For me it’s a see saw, it’s that balancing act between parents and children that I was interested in. But to you question, how do you condense 30 hours of the two cities into two and for me that was by filming the two cities (Cal and NY) like one….because I really feel that spirit of the bridges, of the traffic of the trams, the subway so as to mix it up so that the audience too by the middle of it where they are, because that is how it is to be between worlds, like we live. And them my background comes from the cinema of the street. I am a humble student of that cinema so Salaam Bombay is about that, it is about the Bombaiya, what Bombay makes us become and similarly Monsoon Wedding is completely about the chaos of my family dining table and for me it has been fused with images that I love about Delhi, my Delhi is not that one dining table, it has to be that expansive.
I love that see saw between comedy and sorrow, you have laughed now because of the sorrow before, so Gogol in Calcutta being accompanied by his servant when he steps out, was a huge comic scene, cause that again is how the streets are so it was a way of using it. I wanted to make a Bengali film in America and I know Bengal, but I’m not Bengali but I submit, I have humility. Also I cast very carefully. I must have seen 1500 people before I cast Ghosh (the man on the train). Because Ghosh is the man who unlocks everyone’s history. In real life he is a journalist, a film critic, he is not an actor, actually he is an actor of sorts, but is really an intellectual who just had it.So coming from documentary where truth is stranger than faction, so follow that truth, find that truth, that is the approach I take, again observing the street.
What lead you to cast Kal Penn, who has always been known for his comic roles and you take him and put him in a serious dramatic role?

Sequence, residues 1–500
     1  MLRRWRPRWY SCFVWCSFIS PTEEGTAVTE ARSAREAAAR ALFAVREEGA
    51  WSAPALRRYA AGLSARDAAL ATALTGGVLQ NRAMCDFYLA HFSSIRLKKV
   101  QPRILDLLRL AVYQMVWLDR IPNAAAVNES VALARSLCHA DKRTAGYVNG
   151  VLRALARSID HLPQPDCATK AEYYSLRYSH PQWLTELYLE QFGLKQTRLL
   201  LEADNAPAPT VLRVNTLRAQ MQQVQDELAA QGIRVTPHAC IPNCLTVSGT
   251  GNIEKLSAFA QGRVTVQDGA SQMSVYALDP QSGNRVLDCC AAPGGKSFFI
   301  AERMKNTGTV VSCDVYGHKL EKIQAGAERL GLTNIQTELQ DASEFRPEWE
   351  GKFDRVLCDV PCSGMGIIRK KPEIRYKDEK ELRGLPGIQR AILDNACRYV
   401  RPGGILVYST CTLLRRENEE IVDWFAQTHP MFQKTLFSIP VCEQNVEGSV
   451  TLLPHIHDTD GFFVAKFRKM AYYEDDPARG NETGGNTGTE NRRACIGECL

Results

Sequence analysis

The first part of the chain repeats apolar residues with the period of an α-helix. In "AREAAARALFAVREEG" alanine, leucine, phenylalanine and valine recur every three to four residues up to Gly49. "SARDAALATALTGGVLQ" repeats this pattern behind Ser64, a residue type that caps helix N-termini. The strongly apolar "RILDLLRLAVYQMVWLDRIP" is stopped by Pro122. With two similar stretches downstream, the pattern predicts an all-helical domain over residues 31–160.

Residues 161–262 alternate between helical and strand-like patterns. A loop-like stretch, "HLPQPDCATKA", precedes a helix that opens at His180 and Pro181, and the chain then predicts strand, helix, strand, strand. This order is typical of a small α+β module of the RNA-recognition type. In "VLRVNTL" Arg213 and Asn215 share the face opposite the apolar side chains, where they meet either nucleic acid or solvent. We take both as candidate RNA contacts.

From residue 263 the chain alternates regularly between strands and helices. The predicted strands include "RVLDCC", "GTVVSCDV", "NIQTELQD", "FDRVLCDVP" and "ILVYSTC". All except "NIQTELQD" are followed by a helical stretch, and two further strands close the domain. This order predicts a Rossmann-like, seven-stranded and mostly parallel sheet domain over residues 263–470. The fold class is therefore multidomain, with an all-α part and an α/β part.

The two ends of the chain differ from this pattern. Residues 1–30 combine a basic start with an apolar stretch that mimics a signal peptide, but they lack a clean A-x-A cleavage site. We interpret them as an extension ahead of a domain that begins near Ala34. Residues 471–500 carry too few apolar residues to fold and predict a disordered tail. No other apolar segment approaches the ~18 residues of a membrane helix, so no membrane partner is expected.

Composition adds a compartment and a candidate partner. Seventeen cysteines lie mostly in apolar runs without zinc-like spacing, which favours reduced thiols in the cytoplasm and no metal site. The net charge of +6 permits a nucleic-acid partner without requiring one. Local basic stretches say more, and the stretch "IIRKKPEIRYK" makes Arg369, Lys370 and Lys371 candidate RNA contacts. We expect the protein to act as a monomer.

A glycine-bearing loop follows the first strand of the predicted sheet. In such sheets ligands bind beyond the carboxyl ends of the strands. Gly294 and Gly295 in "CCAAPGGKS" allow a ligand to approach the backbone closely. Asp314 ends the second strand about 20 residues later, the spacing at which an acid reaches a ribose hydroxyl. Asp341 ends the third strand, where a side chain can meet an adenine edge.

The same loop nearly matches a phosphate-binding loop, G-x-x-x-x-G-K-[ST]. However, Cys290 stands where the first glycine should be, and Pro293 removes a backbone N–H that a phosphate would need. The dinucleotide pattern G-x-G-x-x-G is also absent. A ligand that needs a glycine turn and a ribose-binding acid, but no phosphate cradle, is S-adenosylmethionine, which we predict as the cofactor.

My fifteen year old son worships him! And actually introduced me and insisted that I cast Kal. Again he was just hungry to play it. But I had a lot of domestic pressure seriously from my fifteen year old. I was shown Kal on the net and I said, fine he’s a goof, he’s a comic but I’m looking for a dashing young man. Then Kal wrote to me and every night I would put my fifteen year old to bed, he would be “Mummy when I wake up in the morning tell me it is going to be Kal.” Then Kal wrote to me that he became an actor because of me, when he was eight years old he saw Mississippi Masala he realized that people on the screen could look like him. So I said “fly yourself down and we shall see.” So when he auditioned for me in my office I saw that he was deeply the real thing. Like he had grown up and was born a Gogol, like he was someone who had negotiated exactly Gogol’s path and brought to me that kind of hunger and urgency that he wanted to.
And I’m not someone who is concerned with stereotyping like you know “Oh he is a comic so he is only a comic.” It never even occurred to me. If someone can show me the way that they can do it and they want to and they really have it in them and I respond to that then I am there. But it was a lot of pressure from the home front. And I thank him for that because he did a wonderful.